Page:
Another piece that's critical is the mayor's decision made in 2004 to eliminate priority for New York City Housing Authority and Section 8 rental subsidies. This has made the goal of reducing the size of the family shelter system extremely difficult, if not impossible. At the beginning of the Bloomberg administration, in excess of 7,000 families with children were being relocated to permanent housing annually. Now it's been more in the neighborhood of about 5,000 a year. There are now fewer options to re-house homeless children and families. That gap has serious consequences for meeting the very important goal of reducing the size of the shelter system for families.

I hope the administration also looks at its cuts to anti-eviction legal services. With a goal of trying to reduce the family shelter census, which is an important goal, and also record numbers of families seeking shelter, it seems like the need for anti-eviction legal services is more critical now than ever. I hope the administration will re-evaluate and change their policies, because cuts like these—especially in these difficult times—will have an adverse impact on the city's ability to comply with recently agreed-to court orders.

We remain hopeful that the historic breakthrough settlement of last week will make a difference in the lives of children and families who are homeless and need help from the city. But I think, as we've made clear, if there are violations our role is to enforce those final judgments obtained last week to protect children and families from harm.

It's been suggested in various places that the elevation of Justice Helen Freedman – who had jurisdiction over the case for years, and was generally seen as sympathetic – from the Supreme Court to appellate court over the summer had some indirect impact. Can you speak to that?

From a plaintiff's perspective, it didn't have an impact, because our papers were going to have to be filed under a deadline that Justice Freedman had set. And the city wanted to eliminate the preliminary orders, and the plaintiffs wanted to make those orders final, and the litigation was going to come to a conclusion through either of those requests. The litigation would have been concluded had Justice Freedman heard the case—it could have been concluded with Justice Freedman agreeing with the city that the orders should have been all eliminated, and homeless families would be left with no court-ordered protections; or the litigation could have been concluded with a final enforceable order—those were really the only potential outcomes before Justice Freedman.

Sometimes Justice Freedman found against the plaintiffs, sometimes Justice Freedman found against the city. What's important to remember is that no matter who she found for, she was always upheld on appeal.

What impact does this settlement have on the work of the Legal Aid Society?

I think the litigation demonstrates that our legal representation can make a difference in the lives of our clients and it highlights the importance of the organization in the life of the city. The Legal Aid Society has been part of the city's social fabric since 1876. We have major litigation pending against the city and the state and we always will, because that's what our role is: to represent vulnerable New Yorkers when government—no matter what the level—or private parties harm them and don't act lawfully.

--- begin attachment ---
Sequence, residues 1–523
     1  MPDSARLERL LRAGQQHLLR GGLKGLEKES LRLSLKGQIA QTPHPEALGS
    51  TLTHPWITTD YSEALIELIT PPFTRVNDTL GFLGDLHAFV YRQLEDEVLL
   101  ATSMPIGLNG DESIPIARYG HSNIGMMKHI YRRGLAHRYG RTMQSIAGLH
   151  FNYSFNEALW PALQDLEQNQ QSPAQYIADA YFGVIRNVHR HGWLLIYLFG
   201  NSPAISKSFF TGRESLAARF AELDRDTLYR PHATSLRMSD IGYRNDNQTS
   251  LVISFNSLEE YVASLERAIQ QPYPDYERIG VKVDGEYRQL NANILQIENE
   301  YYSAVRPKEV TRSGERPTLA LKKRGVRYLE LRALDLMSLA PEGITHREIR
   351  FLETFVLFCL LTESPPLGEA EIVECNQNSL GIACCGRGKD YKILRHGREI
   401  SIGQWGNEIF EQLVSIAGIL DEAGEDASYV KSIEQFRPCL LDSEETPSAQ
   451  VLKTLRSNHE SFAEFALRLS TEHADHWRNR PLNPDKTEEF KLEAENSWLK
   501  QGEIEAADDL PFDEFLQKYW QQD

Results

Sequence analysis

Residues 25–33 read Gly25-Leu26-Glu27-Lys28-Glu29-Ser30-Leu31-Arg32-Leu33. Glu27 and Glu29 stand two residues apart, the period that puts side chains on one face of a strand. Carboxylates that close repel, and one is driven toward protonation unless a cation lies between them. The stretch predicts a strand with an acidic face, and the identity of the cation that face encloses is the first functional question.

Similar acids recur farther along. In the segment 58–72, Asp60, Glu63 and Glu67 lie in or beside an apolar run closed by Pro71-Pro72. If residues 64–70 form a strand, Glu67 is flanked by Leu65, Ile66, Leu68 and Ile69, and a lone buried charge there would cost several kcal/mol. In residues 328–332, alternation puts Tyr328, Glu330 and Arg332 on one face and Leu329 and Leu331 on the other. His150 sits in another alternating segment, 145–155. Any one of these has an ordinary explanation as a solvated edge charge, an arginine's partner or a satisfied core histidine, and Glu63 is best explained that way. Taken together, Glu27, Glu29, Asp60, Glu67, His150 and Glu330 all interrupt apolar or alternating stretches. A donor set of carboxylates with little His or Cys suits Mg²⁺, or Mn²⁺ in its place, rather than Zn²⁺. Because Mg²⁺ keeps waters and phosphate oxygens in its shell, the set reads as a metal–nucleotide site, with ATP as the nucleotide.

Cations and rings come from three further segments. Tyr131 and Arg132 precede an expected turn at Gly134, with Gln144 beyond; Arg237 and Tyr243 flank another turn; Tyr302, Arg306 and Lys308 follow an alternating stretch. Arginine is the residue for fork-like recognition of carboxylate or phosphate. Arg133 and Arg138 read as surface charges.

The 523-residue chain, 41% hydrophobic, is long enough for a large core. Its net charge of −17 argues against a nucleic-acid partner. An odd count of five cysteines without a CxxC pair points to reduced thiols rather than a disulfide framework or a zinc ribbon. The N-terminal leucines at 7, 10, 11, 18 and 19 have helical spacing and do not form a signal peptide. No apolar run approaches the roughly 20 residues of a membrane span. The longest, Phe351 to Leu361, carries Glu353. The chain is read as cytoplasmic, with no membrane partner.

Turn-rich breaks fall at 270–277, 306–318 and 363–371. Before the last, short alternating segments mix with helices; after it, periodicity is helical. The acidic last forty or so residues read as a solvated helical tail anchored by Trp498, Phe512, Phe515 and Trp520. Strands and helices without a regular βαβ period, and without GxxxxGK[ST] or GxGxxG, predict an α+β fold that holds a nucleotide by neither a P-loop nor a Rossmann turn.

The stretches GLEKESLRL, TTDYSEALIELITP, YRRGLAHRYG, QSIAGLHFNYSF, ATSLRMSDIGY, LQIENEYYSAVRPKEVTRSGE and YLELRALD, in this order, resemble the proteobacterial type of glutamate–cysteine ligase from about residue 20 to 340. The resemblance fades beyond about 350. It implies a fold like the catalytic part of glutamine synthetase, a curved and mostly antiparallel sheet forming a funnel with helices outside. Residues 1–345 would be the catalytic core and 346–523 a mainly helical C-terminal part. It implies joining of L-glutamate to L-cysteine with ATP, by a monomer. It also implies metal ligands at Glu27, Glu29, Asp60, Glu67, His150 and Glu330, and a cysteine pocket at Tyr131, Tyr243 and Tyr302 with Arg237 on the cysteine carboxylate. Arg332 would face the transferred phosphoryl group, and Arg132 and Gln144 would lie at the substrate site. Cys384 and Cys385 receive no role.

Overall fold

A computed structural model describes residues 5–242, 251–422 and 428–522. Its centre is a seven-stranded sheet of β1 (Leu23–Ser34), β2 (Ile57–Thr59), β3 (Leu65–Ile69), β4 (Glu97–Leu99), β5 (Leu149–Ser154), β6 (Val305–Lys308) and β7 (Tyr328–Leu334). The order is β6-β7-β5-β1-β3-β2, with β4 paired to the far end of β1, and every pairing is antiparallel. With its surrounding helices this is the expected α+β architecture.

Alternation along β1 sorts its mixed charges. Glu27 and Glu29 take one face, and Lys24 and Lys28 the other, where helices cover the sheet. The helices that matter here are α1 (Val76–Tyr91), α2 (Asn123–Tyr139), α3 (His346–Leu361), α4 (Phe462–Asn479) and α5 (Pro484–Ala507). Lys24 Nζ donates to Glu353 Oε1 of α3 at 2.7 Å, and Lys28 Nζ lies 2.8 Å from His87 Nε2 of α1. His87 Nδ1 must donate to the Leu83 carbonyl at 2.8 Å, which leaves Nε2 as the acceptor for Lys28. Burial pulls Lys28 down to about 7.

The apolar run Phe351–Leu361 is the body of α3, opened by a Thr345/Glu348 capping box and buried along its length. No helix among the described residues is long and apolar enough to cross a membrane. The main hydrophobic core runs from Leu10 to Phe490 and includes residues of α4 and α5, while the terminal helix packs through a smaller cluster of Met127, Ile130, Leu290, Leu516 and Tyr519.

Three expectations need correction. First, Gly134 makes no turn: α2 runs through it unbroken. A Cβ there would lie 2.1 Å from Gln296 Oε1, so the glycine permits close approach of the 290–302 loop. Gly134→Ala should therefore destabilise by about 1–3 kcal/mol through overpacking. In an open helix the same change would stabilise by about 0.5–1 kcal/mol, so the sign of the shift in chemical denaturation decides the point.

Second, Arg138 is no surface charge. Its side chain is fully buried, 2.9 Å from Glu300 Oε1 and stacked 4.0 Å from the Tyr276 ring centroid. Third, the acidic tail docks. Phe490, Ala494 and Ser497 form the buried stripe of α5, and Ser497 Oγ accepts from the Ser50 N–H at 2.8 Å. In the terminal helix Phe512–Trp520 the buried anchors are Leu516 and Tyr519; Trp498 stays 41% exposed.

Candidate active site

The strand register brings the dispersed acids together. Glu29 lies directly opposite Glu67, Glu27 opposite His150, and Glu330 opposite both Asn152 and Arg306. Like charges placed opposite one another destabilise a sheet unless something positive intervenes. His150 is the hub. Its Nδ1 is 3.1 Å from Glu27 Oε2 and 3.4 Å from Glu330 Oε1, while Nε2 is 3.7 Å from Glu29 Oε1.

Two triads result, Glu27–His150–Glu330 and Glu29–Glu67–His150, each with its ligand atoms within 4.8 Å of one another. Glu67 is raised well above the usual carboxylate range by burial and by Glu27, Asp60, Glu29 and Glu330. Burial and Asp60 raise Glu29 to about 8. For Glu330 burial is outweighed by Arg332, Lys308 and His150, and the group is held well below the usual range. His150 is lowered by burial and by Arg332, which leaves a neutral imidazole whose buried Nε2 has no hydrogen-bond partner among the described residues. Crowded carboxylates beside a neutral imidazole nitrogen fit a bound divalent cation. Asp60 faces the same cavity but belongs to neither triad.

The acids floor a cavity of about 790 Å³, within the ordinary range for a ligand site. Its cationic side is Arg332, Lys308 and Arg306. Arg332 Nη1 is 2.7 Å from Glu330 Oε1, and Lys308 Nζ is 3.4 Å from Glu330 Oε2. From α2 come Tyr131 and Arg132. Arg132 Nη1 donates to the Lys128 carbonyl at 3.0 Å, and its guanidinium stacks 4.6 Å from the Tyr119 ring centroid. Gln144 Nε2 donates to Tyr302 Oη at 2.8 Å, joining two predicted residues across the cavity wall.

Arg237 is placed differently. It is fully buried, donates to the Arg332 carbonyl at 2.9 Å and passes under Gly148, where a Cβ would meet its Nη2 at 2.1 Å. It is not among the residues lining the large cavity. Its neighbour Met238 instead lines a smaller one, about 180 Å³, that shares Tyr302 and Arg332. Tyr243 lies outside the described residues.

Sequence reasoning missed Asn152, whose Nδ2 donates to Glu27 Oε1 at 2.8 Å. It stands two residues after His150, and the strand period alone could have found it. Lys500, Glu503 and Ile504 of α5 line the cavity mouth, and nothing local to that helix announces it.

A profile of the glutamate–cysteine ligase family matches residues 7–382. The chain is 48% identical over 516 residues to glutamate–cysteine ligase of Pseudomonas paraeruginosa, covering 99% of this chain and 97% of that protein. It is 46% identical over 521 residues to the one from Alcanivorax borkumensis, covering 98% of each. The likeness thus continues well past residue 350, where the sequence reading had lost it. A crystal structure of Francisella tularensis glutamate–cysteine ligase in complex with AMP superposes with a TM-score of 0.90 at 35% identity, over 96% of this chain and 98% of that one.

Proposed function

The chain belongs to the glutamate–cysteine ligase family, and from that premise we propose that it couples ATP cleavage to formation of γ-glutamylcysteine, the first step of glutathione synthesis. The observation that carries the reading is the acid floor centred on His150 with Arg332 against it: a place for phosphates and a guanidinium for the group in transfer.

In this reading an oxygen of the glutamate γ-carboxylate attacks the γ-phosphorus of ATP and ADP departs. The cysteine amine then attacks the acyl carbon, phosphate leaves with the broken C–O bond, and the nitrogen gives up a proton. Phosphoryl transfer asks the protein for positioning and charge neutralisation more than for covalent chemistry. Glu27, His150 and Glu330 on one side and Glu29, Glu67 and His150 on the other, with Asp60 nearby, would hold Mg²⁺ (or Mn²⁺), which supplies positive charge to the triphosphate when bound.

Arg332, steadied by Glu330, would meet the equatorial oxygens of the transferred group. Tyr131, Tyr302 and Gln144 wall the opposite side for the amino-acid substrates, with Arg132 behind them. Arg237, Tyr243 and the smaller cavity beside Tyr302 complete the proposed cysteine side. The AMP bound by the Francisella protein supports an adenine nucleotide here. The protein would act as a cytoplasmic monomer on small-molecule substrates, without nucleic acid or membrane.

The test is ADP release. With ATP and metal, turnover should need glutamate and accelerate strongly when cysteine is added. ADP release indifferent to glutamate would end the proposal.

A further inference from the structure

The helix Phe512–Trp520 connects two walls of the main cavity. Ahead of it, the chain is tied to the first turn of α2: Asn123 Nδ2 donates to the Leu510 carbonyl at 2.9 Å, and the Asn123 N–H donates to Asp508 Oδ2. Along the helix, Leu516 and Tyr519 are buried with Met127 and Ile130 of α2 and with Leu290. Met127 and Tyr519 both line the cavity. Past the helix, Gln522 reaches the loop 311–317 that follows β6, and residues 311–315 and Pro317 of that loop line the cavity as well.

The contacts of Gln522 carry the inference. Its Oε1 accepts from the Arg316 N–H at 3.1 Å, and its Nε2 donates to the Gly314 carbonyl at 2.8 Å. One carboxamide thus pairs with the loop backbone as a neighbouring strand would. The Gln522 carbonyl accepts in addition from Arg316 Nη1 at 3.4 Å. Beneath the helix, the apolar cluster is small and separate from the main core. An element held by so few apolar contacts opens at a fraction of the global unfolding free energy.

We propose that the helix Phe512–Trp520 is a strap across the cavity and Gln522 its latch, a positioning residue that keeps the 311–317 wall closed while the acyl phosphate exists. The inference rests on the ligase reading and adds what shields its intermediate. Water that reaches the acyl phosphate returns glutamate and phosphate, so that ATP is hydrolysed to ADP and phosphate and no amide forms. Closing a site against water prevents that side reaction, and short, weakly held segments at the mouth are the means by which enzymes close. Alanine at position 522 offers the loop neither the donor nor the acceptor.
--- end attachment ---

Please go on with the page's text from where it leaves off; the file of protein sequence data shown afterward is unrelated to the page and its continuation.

There's been a lot of focus on this litigation, but every year we provide services for 295,000 matters with a staff of 1,450 employees, including 850 lawyers. It's a staggering caseload, but the need for our services is so staggering. This case stands for the proposition that we can make a difference for clients in big cases, but every day our lawyers make a big difference in courts, in hearings, and in community settings for clients for whom the impact is every bit as great on an individual basis as this lawsuit.

I understand you recently talked to Yvonne McCain, who originally brought the suit against the city in 1983. What impact has this news had on her?

Resolving the litigation that she brought 25 years ago was something that we had talked about. We represent real-life people. McCain against Koch, McCain against Dinkins, McCain against Giuliani, McCain against Bloomberg, was not brought by the Legal Aid Society, it was brought by Yvonne McCain and a number of other families with children who said that their kids and their families should be treated better than they were being treated. She went to the city to get help, and the city at that time said: "We don't provide that kind of help. Why don't you move in with your mother?" The case was brought in her name because, like so many families with children we represented, she came to us and said, "My children and my family are being treated unfairly. We're being harmed. I think there's something wrong with this. Can you help us?" And our role was to help her.

I think it's always been a source of pride for her that she stood up to the city and said the city should do better for homeless children and their families. What she did on behalf of homeless families and children will always be her legacy.

- Matt Schwarzfeld